Join Early Retirement Today
Reply
 
Thread Tools Search this Thread Display Modes
Bernanke deflation speech from 2002
Old 04-15-2008, 06:28 AM   #1
Thinks s/he gets paid by the post
ladelfina's Avatar
 
Join Date: Oct 2005
Posts: 2,713
Bernanke deflation speech from 2002

Speech, Bernanke --Deflation-- November 21, 2002

Quote:
So, is deflation a threat to the economic health of the United States? Not to leave you in suspense, I believe that the chance of significant deflation in the United States in the foreseeable future is extremely small, for two principal reasons. The first is the resilience and structural stability of the U.S. economy itself. Over the years, the U.S. economy has shown a remarkable ability to absorb shocks of all kinds, to recover, and to continue to grow. Flexible and efficient markets for labor and capital, an entrepreneurial tradition, and a general willingness to tolerate and even embrace technological and economic change all contribute to this resiliency. A particularly important protective factor in the current environment is the strength of our financial system: Despite the adverse shocks of the past year, our banking system remains healthy and well-regulated, and firm and household balance sheets are for the most part in good shape. Also helpful is that inflation has recently been not only low but quite stable, with one result being that inflation expectations seem well anchored. For example, according to the University of Michigan survey that underlies the index of consumer sentiment, the median expected rate of inflation during the next five to ten years among those interviewed was 2.9 percent in October 2002, as compared with 2.7 percent a year earlier and 3.0 percent two years earlier--a stable record indeed.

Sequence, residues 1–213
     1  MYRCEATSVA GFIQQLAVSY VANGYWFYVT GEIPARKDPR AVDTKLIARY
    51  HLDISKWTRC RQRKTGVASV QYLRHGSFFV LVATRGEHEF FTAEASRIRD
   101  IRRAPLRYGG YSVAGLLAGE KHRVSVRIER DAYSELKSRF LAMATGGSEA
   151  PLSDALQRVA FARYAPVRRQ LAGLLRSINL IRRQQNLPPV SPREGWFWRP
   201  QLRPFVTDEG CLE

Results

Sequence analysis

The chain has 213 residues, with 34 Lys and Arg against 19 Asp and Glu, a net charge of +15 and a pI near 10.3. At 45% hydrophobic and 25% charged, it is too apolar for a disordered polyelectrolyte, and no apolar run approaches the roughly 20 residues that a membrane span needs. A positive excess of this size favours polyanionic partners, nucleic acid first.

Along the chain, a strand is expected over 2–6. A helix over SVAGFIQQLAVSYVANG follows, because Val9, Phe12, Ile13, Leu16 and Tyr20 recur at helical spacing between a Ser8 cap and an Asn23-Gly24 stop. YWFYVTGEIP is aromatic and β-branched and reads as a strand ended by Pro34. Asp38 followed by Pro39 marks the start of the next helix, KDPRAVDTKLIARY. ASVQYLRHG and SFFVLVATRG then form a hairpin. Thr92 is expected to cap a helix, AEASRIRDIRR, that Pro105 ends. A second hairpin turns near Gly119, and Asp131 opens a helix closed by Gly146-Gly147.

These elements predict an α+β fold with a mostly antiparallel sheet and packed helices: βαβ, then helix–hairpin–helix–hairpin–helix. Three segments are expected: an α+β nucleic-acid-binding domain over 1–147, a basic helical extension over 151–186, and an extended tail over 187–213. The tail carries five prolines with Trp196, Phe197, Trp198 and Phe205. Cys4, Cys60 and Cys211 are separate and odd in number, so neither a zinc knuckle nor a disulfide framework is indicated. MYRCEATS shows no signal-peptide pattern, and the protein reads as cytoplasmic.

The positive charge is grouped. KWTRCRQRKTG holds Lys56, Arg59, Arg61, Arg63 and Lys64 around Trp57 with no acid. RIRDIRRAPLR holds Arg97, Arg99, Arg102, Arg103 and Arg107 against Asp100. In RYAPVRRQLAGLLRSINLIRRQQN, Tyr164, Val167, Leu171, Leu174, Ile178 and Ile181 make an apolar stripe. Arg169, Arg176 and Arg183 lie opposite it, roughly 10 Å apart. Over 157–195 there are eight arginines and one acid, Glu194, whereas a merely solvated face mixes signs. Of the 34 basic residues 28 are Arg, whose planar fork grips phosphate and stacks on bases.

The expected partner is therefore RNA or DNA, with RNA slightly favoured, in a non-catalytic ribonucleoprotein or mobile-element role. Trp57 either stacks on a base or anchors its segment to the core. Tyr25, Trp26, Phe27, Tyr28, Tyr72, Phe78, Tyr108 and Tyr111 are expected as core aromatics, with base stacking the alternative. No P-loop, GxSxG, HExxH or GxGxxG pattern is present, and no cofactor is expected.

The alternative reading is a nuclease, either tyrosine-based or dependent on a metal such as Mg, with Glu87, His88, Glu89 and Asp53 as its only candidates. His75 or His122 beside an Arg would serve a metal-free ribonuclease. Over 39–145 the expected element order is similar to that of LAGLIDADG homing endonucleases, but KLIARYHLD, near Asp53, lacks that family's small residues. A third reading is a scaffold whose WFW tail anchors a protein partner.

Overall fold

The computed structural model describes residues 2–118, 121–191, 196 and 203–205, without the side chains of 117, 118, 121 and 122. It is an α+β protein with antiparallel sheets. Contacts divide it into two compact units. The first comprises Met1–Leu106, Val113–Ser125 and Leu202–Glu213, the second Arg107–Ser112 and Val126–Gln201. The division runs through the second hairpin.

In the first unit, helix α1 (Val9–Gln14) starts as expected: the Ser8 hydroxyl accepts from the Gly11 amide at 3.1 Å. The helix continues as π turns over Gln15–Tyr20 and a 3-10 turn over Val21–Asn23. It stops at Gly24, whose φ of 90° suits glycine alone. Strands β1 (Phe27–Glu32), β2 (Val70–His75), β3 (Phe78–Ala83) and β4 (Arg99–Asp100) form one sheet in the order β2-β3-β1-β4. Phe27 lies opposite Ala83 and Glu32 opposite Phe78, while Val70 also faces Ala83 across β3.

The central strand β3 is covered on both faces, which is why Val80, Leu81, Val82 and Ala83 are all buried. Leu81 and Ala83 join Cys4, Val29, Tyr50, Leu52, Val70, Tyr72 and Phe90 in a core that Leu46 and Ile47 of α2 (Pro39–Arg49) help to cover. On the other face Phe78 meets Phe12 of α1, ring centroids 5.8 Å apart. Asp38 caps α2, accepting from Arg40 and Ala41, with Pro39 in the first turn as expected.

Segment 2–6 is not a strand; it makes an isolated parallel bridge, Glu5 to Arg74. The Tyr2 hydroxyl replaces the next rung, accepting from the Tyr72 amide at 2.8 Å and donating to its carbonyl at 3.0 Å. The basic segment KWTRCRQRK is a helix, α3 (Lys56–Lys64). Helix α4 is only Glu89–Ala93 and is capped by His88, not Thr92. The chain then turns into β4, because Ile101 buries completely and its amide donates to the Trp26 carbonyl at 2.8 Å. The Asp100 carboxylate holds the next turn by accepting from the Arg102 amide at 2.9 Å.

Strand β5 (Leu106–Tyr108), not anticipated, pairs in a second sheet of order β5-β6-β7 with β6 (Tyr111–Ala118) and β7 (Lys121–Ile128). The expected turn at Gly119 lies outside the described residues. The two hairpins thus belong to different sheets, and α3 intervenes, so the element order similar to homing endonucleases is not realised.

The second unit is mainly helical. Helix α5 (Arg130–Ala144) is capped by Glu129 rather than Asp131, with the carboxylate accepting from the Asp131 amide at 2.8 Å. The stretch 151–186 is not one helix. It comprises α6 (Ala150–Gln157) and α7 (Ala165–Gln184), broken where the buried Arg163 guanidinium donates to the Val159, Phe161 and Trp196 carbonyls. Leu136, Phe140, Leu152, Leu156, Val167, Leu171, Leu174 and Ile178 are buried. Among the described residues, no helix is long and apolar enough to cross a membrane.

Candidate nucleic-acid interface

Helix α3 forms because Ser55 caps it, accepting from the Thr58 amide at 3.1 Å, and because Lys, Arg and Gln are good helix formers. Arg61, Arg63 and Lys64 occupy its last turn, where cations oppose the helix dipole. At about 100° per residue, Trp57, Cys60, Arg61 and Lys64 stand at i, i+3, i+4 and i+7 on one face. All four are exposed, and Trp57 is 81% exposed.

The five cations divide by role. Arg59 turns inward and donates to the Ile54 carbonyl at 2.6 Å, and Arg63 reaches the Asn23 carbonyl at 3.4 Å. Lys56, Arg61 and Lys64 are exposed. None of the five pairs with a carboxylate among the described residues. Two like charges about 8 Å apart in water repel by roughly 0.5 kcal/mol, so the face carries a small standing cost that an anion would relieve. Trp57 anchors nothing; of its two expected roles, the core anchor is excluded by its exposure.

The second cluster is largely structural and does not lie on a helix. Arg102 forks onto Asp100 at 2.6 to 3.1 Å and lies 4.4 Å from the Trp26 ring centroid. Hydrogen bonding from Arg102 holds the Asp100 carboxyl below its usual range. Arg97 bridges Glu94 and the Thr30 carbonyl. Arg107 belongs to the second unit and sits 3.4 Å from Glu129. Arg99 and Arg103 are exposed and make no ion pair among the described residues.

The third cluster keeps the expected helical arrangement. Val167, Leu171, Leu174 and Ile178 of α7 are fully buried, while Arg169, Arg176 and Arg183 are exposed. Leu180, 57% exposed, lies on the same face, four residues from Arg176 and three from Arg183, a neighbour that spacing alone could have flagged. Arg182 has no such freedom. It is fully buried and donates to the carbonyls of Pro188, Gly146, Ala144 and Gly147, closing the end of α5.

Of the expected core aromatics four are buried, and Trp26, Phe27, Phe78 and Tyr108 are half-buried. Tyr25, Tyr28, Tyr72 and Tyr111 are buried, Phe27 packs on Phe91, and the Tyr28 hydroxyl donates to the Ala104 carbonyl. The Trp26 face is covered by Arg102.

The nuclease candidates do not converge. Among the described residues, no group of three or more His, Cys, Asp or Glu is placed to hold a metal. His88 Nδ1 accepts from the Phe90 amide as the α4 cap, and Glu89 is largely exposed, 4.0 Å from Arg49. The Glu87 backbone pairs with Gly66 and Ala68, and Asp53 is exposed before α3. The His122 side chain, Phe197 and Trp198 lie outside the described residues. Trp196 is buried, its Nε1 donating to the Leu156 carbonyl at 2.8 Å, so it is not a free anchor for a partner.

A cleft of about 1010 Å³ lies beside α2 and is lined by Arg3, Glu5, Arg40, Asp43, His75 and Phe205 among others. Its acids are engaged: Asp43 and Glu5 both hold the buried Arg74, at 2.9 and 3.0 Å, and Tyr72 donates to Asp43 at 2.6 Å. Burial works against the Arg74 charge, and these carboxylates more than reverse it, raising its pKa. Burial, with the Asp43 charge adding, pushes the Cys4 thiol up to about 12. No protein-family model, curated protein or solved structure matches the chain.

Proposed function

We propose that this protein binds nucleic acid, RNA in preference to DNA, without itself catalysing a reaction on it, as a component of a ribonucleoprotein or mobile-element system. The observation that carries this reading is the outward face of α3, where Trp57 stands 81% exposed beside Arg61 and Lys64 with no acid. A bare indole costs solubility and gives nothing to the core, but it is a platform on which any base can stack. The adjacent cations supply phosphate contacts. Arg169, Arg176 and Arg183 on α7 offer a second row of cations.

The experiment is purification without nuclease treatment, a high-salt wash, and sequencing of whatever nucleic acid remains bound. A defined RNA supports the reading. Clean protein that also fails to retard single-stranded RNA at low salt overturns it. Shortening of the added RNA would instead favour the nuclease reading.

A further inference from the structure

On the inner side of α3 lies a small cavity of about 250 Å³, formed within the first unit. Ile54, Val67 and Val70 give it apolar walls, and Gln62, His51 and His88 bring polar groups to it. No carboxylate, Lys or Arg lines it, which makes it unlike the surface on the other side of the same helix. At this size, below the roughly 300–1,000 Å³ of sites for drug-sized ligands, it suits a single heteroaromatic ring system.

The second bulwark against deflation in the United States, and the one that will be the focus of my remarks today, is the Federal Reserve System itself. The Congress has given the Fed the responsibility of preserving price stability (among other objectives), which most definitely implies avoiding deflation as well as inflation. I am confident that the Fed would take whatever means necessary to prevent significant deflation in the United States and, moreover, that the U.S. central bank, in cooperation with other parts of the government as needed, has sufficient policy instruments to ensure that any deflation that might occur would be both mild and brief.
Ok.. one down.. now we just have to figure how stable is the Fed.. what their policy instruments really can and can't do.. and what "whatever means necessary" is.. if you read further he does go into this. It seems to me that they already are doing a lot of these things (even though rates have not been cut to zero). Sooo.. what were painted as extraordinary measures are today's order of the day, which might indicate they see a very cloudy horizon.

Quote:
If we do fall into deflation, however, we can take comfort that the logic of the printing press example must assert itself, and sufficient injections of money will ultimately always reverse a deflation.
proceed with extreme caution:
Quote:
One important concern in practice is that calibrating the economic effects of nonstandard means of injecting money may be difficult, given our relative lack of experience with such policies.
Quote:
Of course, the U.S. government is not going to print money and distribute it willy-nilly (although as we will see later, there are practical policies that approximate this behavior).

I don't get this sentence, though.
Quote:
Lower rates over the maturity spectrum of public and private securities should strengthen aggregate demand in the usual ways and thus help to end deflation.
How do low treasury rates increase demand for treasuries; I would think that higher rates would do that. What am I missing?
__________________

__________________
ladelfina is offline   Reply With Quote
Join the #1 Early Retirement and Financial Independence Forum Today - It's Totally Free!

Are you planning to be financially independent as early as possible so you can live life on your own terms? Discuss successful investing strategies, asset allocation models, tax strategies and other related topics in our online forum community. Our members range from young folks just starting their journey to financial independence, military retirees and even multimillionaires. No matter where you fit in you'll find that Early-Retirement.org is a great community to join. Best of all it's totally FREE!